Senate debates

Thursday, 18 June 2020

Bills

Treasury Laws Amendment (Your Superannuation, Your Choice) Bill 2019; In Committee

11:09 am

Photo of Jane HumeJane Hume (Victoria, Liberal Party, Assistant Minister for Superannuation, Financial Services and Financial Technology) Share this | Hansard source

I think we can safely say that defined benefit funds play a really important role as part of the suite of superannuation products out there. Indeed, I know there are a number academics, particularly, in UniSuper that really value the fund that they have and the fact that they don't face the longevity risk that other funds might have. But, that said, the premise of the defined benefits scheme, the premise of the request that UniSuper has put forward, is that it relies essentially on complacency and inertia or ignorance—for people to accidentally be put into that fund and then have to actively leave. They've got two years to leave a defined benefit scheme, which I think is interesting, but what they seem to be objecting to is people, rather than having to go into it and then actively withdrawing in the first two years, being able to not go into it at all in the first place, which should be a fundamental choice for academics.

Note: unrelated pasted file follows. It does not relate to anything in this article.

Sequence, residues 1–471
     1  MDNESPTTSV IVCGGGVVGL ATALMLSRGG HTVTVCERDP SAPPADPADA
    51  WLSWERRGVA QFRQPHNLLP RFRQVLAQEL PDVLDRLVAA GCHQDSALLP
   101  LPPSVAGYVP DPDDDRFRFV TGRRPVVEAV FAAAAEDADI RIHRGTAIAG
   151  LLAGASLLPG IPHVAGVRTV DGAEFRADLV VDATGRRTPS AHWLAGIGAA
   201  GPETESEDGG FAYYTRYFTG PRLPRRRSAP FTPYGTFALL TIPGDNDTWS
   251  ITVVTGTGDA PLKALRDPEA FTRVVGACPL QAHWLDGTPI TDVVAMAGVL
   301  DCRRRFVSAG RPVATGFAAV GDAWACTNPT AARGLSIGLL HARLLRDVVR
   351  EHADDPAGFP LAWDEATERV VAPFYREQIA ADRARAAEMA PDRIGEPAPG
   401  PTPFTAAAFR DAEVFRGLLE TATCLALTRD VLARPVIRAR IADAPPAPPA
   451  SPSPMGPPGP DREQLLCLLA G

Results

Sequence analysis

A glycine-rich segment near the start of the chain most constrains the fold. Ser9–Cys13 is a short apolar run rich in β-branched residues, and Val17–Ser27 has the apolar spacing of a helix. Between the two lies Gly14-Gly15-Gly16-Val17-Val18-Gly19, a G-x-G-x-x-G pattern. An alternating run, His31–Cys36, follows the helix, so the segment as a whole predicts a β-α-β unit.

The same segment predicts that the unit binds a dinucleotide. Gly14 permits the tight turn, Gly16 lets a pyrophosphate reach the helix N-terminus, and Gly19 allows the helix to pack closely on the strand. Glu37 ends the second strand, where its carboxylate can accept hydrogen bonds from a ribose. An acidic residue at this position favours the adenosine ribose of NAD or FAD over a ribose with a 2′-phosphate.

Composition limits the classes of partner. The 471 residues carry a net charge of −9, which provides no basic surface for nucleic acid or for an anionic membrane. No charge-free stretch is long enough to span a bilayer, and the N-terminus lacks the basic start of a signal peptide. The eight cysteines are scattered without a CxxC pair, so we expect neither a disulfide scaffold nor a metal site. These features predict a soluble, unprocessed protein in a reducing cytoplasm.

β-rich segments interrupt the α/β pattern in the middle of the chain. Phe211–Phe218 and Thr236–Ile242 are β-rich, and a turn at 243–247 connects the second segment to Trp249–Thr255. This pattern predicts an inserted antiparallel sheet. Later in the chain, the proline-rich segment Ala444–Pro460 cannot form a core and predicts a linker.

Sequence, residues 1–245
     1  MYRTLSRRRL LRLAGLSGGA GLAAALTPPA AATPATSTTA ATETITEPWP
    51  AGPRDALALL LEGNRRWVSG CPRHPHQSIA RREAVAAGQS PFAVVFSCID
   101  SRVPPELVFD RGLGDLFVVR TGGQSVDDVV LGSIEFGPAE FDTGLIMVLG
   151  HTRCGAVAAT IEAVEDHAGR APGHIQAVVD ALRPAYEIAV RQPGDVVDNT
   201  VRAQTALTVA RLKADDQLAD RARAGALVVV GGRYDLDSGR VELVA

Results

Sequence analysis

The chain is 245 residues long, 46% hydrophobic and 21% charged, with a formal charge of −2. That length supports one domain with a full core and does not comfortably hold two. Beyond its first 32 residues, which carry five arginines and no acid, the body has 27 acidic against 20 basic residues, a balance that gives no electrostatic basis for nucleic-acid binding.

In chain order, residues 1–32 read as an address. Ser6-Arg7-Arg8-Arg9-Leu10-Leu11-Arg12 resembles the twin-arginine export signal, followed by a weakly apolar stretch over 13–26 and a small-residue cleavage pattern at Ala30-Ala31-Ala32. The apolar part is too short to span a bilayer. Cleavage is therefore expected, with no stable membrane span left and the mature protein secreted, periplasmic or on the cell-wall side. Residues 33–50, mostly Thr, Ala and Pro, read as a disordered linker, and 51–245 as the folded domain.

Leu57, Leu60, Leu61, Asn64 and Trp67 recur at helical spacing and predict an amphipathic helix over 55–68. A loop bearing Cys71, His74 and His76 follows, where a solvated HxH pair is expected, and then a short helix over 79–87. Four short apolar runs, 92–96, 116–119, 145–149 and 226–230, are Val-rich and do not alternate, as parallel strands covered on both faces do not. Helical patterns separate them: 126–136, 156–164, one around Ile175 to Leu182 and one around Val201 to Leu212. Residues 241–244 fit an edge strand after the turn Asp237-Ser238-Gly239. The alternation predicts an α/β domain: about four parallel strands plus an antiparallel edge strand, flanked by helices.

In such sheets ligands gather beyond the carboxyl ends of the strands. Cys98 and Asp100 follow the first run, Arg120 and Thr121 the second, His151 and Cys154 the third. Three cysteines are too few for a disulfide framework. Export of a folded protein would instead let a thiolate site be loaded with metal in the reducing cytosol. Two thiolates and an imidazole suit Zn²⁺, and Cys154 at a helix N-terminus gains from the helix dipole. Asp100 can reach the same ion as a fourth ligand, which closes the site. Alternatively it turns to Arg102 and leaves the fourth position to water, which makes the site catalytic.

We're not talking about tenured professors and vice-chancellors. We're talking about people that are tutors, and often those tutors have other jobs as well. They might have a job as a waitress or as a check-out person—whatever it might be—to supplement their income. Often, people tutor as a supplement to other income while they're in academia themselves or studying themselves. These are the people that are most likely to have those duplicate accounts. They're the ones that are most likely to be subjected to duplicate fees and duplicate insurance premiums. By forcing them into UniSuper—and I'm using UniSuper specifically as an example here, rather than all broad defined benefits schemes—this amendment would actually mean that they can never leave. It's like the 'Hotel California' of superannuation funds. And that's unreasonable, because I know a lot of people who work in incredibly different industries who were tutors, at one stage, at university, but you're forcing them into having duplicate accounts for the rest of their lives. That is kind of crazy and defeats the entire purpose of having choice in superannuation, which we believe is a fundamental right.

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